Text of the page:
Janelle Horstman, who is leading a glass recycling effort through the BGSU student environmental group Net Impact, says she is working on finding glass recycling options that are cost efficient for the university. While the university is paid for recycled materials, BGSU can lose money from having to transport heavy glass to recycling sites, Horstman said. Institutionalization of glass recycling will require working out financial problems with the potential program.
Brooke Mason, Sustainability Chair for Net Impact, spoke about the importance of options other than recycling. “Recycling is the last R and I would promote reducing what you use and reusing it before recycling,” she said. Recycling a glass bottle is better than throwing it away, she said, but it would be even better to use a reusable container instead of individual bottles or reuse the glass bottle.
Hennessy believes the three “Rs”—reduce, reuse, recycle –are “in order of importance” as well. Reduction of waste is much better than creating waste that is then recycled, although recycling is better than waste ending up in a landfill, he said.
Silverman used a stapler to illustrate the same point. If a stapler breaks, what can be done with the materials? “Where did that metal come from,” Silverman said. “We had to mine it, we had to refine it, we had to use a lot of energy to manufacture it and now all these resources are in the trash. If we should recycle it, that’s better because at least we could recover the metal. If we could fix it and use it again, better yet.”
BGSU’s reStore is aimed at just that—reusing products. At the reStore, students can trade for things they need instead of buying new items. A shirt could be turned into a book. Shoes could become a DVD. A desk lamp could be traded for a backpack.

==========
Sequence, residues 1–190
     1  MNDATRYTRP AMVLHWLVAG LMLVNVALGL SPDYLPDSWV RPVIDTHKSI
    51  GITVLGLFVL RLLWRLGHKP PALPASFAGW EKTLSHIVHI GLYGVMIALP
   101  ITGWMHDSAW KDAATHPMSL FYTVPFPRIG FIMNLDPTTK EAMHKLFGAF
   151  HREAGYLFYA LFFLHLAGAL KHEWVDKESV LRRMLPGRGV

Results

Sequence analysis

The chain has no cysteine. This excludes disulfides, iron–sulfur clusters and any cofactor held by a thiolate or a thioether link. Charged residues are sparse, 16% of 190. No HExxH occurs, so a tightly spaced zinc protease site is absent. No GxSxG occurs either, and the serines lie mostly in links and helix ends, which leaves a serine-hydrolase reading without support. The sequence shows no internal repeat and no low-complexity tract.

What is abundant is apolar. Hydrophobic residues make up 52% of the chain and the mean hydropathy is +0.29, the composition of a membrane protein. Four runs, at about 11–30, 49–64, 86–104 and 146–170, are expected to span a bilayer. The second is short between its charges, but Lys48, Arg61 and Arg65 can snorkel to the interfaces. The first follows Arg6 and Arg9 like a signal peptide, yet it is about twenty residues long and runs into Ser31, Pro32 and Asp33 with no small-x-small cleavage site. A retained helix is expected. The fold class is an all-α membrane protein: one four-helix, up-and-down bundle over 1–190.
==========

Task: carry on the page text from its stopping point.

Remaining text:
Hennessy developed the concept for the reStore after he saw the program at a few other universities. He was intrigued by the idea and enlisted the help of two BGSU students to make the reStore a reality. The reStore is located on the Kreischer Compton-Darrow side of the SunDial dining hall on campus.
The current intern with the reStore, Andrew Myers, pointed out how the reStore involves all three “Rs.” It reduces consumption because it encourages students to trade for used goods instead of buying new goods, it helps students reuse products that other students no longer want or need, and it contributes to recycling through students’ donations to the store, Myers said.
While BGSU is making steps in waste reduction like the reStore, Silverman and Hennessy both believe the university should be doing more to reduce its waste footprint.
“An institution has to decide what its role should be as a citizen,” Silverman said. “An institution can be a good citizen or it can be a not-good citizen. A not-good citizen is consumptive.”
Efforts to stem consumption can begin with university programs, or they can begin with students, but Hennessy believes sharing information about reduction is vital.
“It’s little by little,” he said. “One student learns about reuse and starts spreading the concept to a roommate, a friend… it spreads from person to person, one step at a time.”